Beamae Sun 23-Jun-13 19:49:55

Yep. Spot on. I get this a lot but find it odd because I couldn't give a monkeys what anyone else is up to parenting wise.

I think you're being unreasonable for teaching your child to say 'ta'. It's a meaningless sound of a word and I can't bear it. I'd rather have a hug from a child to young to say thank you tbh. Your sister is utterly wrong btw. She may not be arsed but I have three dcs too and they have all been bought up to say thank you.

MoltenBlondie Sun 23-Jun-13 19:54:53

Ha! Had a feeling the ta thing would come up

He's not really mastered thank you, so I think 'ta' is the natural stand in, gets him used to acknowledging someone when they give him something (although he doesn't quite get it and also uses it when giving things!)

DMIL actually told me she thought it was 'a bit common' but...meh

MummyAbroad Sun 23-Jun-13 20:07:07

I think ta is cute (ex Londoner here) mine says "queue" as in "Than -queue" smile

lougle Sun 23-Jun-13 20:13:10

My eldest DD has SN. Without a doubt she is the most polite child I've ever met. She could sign 'sorry' and 'thank you' before she could talk.

It harms no-one to be taught that there are some words which make life nicer for everyone.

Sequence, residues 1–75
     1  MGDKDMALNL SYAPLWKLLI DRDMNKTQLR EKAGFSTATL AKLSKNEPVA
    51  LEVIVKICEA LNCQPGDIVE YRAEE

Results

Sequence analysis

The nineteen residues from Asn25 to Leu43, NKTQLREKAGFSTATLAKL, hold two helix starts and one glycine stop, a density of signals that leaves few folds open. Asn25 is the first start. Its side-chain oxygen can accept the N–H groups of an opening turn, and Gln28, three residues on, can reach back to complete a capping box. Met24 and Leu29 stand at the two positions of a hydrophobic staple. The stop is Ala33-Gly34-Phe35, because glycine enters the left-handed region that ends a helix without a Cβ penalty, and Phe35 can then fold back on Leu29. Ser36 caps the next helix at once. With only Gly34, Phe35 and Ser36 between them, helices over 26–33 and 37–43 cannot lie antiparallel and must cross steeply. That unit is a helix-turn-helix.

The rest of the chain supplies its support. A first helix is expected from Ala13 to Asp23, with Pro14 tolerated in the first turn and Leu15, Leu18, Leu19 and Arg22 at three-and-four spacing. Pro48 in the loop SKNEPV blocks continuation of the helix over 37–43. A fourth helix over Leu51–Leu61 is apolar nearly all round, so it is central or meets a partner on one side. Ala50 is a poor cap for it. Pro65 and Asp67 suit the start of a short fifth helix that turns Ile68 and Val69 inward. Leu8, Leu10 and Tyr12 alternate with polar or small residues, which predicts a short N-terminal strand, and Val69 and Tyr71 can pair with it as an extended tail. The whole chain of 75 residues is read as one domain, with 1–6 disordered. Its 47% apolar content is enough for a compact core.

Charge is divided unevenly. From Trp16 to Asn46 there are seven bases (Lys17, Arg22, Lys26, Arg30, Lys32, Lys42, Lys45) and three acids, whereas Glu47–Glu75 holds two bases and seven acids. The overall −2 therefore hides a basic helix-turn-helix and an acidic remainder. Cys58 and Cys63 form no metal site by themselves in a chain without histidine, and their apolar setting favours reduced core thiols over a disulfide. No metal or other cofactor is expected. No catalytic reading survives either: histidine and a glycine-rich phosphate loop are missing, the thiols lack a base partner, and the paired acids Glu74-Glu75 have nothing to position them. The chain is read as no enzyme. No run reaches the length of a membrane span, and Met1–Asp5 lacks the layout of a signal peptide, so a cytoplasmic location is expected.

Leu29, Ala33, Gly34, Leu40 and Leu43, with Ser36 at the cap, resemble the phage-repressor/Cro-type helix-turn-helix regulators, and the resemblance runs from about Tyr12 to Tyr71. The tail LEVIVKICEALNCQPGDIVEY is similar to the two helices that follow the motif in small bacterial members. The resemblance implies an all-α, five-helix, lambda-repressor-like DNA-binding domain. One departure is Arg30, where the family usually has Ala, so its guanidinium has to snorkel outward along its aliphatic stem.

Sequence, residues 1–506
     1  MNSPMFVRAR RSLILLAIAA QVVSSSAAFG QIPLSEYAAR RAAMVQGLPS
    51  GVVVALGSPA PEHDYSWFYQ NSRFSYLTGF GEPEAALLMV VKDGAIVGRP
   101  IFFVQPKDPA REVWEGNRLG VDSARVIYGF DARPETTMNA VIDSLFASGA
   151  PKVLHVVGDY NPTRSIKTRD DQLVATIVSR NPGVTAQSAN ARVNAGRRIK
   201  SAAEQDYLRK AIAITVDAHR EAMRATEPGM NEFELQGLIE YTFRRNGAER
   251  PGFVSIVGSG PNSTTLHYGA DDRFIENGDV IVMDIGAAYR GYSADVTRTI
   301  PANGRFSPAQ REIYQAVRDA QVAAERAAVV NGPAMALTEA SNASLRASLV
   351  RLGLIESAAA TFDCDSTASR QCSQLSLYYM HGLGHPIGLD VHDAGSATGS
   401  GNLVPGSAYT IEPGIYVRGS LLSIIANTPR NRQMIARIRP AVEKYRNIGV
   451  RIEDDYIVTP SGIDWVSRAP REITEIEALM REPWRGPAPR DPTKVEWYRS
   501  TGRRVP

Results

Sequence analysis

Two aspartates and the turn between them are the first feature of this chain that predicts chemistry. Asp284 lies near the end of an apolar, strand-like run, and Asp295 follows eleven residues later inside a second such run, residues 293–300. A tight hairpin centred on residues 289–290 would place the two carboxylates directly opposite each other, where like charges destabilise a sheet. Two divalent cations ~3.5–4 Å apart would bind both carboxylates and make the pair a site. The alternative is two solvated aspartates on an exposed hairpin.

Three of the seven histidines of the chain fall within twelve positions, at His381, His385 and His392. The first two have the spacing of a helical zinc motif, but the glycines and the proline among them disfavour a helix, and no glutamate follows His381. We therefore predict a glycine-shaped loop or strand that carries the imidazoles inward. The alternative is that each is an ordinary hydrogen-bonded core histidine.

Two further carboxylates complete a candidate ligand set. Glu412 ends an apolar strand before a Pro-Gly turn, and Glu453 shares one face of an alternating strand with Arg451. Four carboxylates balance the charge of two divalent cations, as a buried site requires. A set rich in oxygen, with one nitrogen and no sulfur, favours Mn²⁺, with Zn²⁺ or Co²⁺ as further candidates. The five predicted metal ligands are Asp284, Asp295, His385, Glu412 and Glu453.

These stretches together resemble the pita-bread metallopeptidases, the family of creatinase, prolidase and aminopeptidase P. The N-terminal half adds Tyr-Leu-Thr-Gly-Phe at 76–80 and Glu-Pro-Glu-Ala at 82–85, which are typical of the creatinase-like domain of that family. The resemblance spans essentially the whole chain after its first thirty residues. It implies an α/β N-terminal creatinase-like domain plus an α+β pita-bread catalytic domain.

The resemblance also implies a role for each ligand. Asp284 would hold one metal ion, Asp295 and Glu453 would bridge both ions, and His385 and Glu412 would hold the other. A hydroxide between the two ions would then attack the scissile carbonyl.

YANBU.

"Ta" doesn't offend me in the slightest. DD started with ta, moved onto thank you, and has now developed "thank you for having me/for my drink/my present etc" I think she realised that she got fussed at by others for "being SO polite!" so she's milking it! grin

As for the "you won't have time to be so precious" bullshit, my DSIL has 4, and is elsewise also very busy. Even her youngest(4) has impeccable manners. Won't have time, and can't be arsed are two very different things.

Er, in other words, YANBU!

1Veryhungrycaterpillar Sun 23-Jun-13 20:14:09

I have 3 children and they stick to a regular routine etc I think the more children you have the more important that becomes to avoid descending into chaos, my MIL in BIL always wanted to give my first baby kettle chips and always used to say knowingly just wait until you have your second and it's a load of all crap, you may become more relaxed in some areas but stuff like juice in a bottle will always feel wrong